Published by Katherine Tegen Books on May 27th 2014
Number of Pages: 341
Genres: Adventure, Fairy Tale, Fantasy, Middle Grade, Mystery
Purchase: At Amazon
Stories don’t know everything.
When Sand wakes up alone in a long-abandoned castle, he has no idea how he got there. The stories all said the place was ruined by an earthquake, and Sand did not expect to find everything inside torn in half or slashed to bits. Nothing lives here and nothing grows, except the vicious, thorny bramble that prevents Sand from leaving. Why wasn’t this in the stories?
To survive, Sand does what he knows best—he fires up the castle’s forge to mend what he needs. But the things he fixes work somehow better than they ought to. Is there magic in the mending? Or have the saints who once guarded this place returned?
When Sand finds the castle’s lost heir, Perrotte, they begin to untwine the dark secrets that caused the destruction. Putting together the pieces—of stone and iron, and of a broken life—is harder than Sand ever imagined, but it’s the only way to regain their freedom.
With gorgeous language and breathtaking magic, Merrie Haskell’s The Castle Behind Thorns tells of the power of memory, story, forgiveness, and the true gifts of craft and imagination.
I loved how Sand fixed things in the castle, and how his magic worked. I also liked how Sand and Perotte’s relationship grew. The Saints and the Thorns were twists I wasn’t expecting, both of which I liked.
This book is filled with friendship and forgiveness themes, but you don’t really notice until near the end. The story grabs you and sweeps you away while you try to see what’s going to happen next. Two teenagers completely alone, but for a falcon, in an abandoned castle where they don’t know for sure they will ever escape. You would think that would be the perfect setting for romance or something similar. But it’s not.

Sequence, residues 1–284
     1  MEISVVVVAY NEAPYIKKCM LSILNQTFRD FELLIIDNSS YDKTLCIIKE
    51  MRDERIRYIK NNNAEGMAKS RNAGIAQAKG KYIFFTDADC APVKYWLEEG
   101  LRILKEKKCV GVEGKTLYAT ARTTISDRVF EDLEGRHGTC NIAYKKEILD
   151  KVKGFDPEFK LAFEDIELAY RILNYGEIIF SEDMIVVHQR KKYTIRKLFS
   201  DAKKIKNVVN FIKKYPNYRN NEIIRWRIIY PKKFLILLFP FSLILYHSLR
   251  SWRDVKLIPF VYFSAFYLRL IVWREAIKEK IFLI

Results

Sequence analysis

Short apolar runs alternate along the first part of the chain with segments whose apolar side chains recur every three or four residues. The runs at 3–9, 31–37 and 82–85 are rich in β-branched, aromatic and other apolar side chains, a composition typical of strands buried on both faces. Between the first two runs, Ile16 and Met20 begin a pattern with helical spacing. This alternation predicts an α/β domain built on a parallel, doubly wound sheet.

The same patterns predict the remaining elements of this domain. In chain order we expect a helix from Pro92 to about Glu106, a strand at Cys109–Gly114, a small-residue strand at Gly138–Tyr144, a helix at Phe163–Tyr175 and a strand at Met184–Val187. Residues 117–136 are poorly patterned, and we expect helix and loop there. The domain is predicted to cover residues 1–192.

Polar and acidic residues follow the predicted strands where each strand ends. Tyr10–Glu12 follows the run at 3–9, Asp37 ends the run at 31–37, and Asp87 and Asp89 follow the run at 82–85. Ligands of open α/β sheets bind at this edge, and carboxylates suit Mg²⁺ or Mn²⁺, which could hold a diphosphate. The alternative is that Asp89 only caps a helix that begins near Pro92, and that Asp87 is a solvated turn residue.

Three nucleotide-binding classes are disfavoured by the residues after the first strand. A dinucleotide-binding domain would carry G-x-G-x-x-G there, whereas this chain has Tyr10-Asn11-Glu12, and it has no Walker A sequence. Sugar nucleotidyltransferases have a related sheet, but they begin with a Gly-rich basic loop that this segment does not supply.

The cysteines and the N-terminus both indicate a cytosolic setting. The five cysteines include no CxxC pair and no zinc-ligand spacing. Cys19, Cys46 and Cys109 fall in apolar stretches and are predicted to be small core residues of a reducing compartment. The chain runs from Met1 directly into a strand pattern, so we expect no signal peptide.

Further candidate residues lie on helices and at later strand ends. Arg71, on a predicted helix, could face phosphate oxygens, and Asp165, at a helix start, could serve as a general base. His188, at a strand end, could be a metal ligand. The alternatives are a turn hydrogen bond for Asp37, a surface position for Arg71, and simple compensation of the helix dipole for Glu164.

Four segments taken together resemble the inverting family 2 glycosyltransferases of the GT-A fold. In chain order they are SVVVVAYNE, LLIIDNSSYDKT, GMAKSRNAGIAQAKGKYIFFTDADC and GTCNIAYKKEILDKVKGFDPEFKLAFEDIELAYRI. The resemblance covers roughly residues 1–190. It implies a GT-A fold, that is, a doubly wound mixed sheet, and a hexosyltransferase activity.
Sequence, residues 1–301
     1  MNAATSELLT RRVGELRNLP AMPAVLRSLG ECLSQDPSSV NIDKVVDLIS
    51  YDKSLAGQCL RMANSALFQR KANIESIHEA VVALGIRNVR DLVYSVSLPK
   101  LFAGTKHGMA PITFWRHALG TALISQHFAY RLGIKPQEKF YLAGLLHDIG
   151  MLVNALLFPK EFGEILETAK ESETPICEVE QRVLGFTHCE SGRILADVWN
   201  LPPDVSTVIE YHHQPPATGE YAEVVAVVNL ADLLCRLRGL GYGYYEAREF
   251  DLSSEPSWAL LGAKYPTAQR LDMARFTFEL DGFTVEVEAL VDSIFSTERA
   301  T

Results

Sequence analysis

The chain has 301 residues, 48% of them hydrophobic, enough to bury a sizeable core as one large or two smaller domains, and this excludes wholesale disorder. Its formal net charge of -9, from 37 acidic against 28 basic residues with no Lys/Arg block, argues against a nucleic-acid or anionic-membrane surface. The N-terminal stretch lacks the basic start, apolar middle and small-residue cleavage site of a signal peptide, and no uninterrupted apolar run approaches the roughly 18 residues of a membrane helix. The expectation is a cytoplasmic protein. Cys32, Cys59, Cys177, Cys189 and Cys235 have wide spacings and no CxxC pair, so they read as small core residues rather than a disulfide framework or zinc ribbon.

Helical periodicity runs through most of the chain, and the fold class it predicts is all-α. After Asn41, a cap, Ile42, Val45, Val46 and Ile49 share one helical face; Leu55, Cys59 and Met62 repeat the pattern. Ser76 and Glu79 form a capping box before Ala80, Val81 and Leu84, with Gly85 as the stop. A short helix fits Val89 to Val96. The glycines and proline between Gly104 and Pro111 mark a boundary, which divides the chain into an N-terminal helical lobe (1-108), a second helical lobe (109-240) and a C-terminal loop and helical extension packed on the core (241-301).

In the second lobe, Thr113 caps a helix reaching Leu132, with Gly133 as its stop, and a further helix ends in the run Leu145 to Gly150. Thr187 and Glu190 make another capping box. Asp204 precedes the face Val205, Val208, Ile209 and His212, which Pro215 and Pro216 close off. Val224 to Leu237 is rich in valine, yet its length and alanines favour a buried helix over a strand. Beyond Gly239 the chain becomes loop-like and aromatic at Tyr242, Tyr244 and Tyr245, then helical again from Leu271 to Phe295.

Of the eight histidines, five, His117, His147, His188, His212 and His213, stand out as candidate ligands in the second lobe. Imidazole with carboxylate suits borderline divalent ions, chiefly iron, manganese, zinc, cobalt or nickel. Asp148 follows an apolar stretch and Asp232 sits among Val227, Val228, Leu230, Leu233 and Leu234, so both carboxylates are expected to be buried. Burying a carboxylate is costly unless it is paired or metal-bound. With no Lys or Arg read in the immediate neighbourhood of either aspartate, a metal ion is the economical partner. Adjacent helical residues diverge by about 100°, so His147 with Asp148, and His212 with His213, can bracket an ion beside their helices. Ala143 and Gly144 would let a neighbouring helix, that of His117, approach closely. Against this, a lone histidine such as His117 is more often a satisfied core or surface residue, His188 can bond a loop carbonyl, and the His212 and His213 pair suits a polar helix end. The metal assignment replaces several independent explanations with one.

Sand and Perotte build a strong friendship, with no inklings of anything more until perhaps the very end of the story as it’s being wrapped up. I don’t mind romance at all, but it’s nice to read a book where a boy and girl are thrown together and they don’t immediately end up falling in love.
This is a middle grade book, but doesn’t spell things out in super detail like some middle grade books do. There are references made, like Perotte being named for a type of rock, and then the story goes on without telling you all about that kind of rock.
The beginning of the book may be a bit slow for some. Sand is alone in an empty castle with no way of escaping. In order to figure out how much food he has, he must put the kitchen to rights. Not a single item has escaped destruction. So he has to fix or make everything he needs. Including fixing the well enough to be able to get water. Perotte doesn’t wake up for a few chapters. I liked reading about how Sand overcame his difficulties, but others may want to skip right to the action.
Either way, I really enjoyed this book and if you haven’t read it yet, you should!